Jesus weeps over Jerusalem. Abram wants assurance that God’s promises are real. Paul says to “stand firm.” Tough images. Just telling us what we ought to do doesn’t necessarily make it possible. Yet these are appropriate images for this second week of Lent when we are beginning to learn again the disciplines of fasting, prayer, and almsgiving, for it is in the midst of what does not seem to be bearing fruit, what seems hopeless and Godforsaken, that we find our greatest strength in faith.
God’s holy word holds up for us images of power and comfort – both essential for continuing to cling to hope in a troubled world.
Some people think Lent is a brooding season. We brood over our sins and our need for God. We use the serious color of purple to call us to reflection and repentance. We may fast to open our eyes and hearts to that which is most important in life.
But there's another kind of brood. It's the offspring of animals that lay eggs. The brood of a hen is her bunch of chicks. . . .
Jesus uses such imagery in our gospel today. But first he talks about a fox: Herod the predator. Herod is out to get Jesus. Jesus is the one being hunted. Jesus is on the way to Jerusalem, the holy city of God. There he will meet his fate and give his life. There he will meet rejection. Yes, Jerusalem symbolizes the rejection of the prophets and the rejection of the ways of God. Yet let us not limit it to Jews or people of that time. All of us turn from God. . . .
So Jesus broods over Jerusalem. He laments over a city that closes its heart to the unfolding of God's promises. And then he gets to the brooding metaphor. . . .
Jesus compares himself to a mother hen. It's one of the few feminine images for God in the New Testament. We're much more apt to talk about Jesus the shepherd, the vine, the light, the bread of life. . . .
The ancient religions of Egypt, Canaan, and the Greco-Roman world featured mother goddess worship. In reaction to these other religions, the Bible rarely uses mother images for God. Yet the scriptures do use the image of mothering animals to speak of God.
– Craig Mueller
Genesis 15:1-12, 17-18
God's promise is unfulfilled and, in light of Sarah and Abraham's age, it looks to be impossible of fulfillment. Even faithful Abraham's first reply to God in today's first reading reflects the waning of hope: What does it matter what you give me; I have no child; my heir is a slave born in my house. . .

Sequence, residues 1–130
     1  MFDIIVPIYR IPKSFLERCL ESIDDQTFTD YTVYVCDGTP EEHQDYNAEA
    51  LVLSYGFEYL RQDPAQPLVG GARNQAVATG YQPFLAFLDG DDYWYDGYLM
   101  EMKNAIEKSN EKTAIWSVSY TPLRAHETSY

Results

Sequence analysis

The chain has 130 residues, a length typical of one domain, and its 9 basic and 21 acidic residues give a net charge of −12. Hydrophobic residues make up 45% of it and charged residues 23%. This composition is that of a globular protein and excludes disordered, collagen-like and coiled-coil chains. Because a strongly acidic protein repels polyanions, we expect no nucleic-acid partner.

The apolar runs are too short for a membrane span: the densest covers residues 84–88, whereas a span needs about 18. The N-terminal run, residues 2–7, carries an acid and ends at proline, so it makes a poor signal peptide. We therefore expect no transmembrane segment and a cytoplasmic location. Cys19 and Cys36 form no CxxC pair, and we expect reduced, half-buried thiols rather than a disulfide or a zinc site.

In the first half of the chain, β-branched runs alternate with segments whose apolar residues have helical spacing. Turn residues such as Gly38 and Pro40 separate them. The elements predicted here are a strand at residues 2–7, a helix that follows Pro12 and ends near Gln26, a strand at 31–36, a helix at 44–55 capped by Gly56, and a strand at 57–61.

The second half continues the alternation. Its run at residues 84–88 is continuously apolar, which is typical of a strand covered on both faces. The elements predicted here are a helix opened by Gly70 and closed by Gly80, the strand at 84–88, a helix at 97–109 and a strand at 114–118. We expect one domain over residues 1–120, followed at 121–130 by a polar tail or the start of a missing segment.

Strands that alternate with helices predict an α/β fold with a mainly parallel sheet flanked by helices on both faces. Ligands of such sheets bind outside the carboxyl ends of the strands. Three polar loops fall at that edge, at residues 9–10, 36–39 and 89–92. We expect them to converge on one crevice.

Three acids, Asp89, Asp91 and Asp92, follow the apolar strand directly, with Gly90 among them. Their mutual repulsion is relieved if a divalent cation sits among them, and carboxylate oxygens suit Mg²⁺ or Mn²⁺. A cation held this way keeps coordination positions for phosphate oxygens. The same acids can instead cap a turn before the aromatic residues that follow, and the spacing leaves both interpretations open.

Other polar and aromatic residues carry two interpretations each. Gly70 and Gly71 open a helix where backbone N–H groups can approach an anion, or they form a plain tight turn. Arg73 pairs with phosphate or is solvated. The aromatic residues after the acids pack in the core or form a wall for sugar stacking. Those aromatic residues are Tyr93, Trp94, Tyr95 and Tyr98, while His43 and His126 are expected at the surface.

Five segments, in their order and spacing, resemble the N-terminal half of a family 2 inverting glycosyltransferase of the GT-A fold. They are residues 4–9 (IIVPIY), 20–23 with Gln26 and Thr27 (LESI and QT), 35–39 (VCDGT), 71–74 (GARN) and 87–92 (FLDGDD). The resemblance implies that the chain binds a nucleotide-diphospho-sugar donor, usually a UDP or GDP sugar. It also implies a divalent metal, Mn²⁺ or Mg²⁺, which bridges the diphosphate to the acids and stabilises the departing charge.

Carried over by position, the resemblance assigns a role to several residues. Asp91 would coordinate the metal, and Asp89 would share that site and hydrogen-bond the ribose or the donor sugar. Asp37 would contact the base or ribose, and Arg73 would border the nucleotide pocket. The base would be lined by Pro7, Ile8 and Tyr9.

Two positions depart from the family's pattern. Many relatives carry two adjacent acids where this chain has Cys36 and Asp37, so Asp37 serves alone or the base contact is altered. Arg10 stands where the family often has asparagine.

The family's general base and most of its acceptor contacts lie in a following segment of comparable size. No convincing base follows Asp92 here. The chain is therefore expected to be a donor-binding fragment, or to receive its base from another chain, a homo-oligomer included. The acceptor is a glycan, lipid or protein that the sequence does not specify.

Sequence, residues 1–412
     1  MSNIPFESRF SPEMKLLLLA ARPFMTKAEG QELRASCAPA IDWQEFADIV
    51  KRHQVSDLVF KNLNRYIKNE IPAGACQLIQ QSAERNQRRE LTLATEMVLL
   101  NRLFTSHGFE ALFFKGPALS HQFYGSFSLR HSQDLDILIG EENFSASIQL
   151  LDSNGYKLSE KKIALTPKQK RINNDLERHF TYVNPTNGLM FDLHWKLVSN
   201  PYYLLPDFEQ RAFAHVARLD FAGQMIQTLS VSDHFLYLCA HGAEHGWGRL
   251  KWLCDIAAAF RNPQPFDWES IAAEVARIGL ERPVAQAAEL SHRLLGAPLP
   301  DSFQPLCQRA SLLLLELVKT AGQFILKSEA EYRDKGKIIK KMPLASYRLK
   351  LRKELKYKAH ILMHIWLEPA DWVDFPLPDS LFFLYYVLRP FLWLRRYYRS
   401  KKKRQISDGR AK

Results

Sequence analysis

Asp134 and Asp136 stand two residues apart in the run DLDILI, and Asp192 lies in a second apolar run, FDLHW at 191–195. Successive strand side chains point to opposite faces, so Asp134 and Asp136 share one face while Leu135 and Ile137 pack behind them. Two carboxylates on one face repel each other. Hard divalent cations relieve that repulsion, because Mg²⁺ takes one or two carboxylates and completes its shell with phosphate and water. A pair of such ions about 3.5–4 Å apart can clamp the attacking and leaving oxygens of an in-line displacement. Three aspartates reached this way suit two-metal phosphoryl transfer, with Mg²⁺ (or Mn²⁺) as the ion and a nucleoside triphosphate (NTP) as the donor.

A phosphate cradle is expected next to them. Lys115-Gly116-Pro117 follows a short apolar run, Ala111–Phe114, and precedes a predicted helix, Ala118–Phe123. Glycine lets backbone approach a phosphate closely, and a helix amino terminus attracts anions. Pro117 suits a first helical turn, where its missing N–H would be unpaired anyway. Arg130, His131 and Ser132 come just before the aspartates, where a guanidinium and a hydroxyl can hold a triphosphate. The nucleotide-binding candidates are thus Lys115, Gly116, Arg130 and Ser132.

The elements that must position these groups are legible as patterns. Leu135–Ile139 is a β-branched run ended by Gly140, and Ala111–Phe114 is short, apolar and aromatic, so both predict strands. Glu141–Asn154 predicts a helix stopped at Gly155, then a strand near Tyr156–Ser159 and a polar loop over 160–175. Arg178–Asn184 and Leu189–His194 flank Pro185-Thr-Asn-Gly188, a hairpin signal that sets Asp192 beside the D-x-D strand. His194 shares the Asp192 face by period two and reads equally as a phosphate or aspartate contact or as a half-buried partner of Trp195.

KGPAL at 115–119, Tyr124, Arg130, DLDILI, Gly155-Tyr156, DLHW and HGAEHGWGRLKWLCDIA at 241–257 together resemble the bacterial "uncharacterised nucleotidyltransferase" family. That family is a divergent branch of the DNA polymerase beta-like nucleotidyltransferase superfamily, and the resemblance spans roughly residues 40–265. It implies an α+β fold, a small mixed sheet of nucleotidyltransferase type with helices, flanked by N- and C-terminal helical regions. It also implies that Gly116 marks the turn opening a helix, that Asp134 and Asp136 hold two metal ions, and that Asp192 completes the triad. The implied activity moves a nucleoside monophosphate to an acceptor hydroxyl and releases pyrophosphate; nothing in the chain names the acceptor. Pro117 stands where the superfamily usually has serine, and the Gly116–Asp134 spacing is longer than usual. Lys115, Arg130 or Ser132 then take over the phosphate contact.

But God has a way of never giving up on the recipients of the divine promises. So God takes Abram outside to look at the stars. . . – Paul G. Bieber
The image of hope for Abraham and Sarah is in the stars, a smoking pot, and a flaming torch, all tangible objects, material, pieces of God’s creation. What God has fashioned as this material world speaks to us of God’s promises. Yet…
I confess that, on occasion, I find Paul's dualism between flesh and spirit quite troubling; hard to swallow, really. In a passage such as this, does Paul not risk a denial of the incarnation? Even if we grant a spirit/flesh distinction, as Paul would have it, must we assign all the negative value to the flesh as he does, and all the positive value to the spirit? . .
In fairness to Paul, he is concerned to combat a kind of proto-Gnostic libertinism: if we are released from the body, then we need not trouble ourselves to restrain our passions. . . While our lives here might be transitory, we might gently remind Paul and remind ourselves, they are not without value. God, at least, certainly saw some value in giving flesh to us, in giving flesh to God's incarnate Word, and in restoring spirit to flesh in the resurrection of Jesus and of the rest of us on the last day. – Jeffrey VanderWilt
What does this Second Sunday in Lent move us to envision? How can creation itself become for us an inspiration to continue in our disciplines and care about our neighbors? What is the power of the hen against the power of the fox? That is our puzzle today and our best hope for preaching the good news.
Paul Bieber is pastor of All Saints Lutheran Church, San Diego, California.
Craig M. Mueller is pastor of Holy Trinity Lutheran Church, Chicago, Illinois.
Jeffery VanderWilt, author of Communion with Non-Catholic Christians (Collegville, MN: Liturgical Press, 2003), teaches at Santa Margarita Catholic High School in Southern California.
Homily Service 40, no. 4 (2007): 3-12.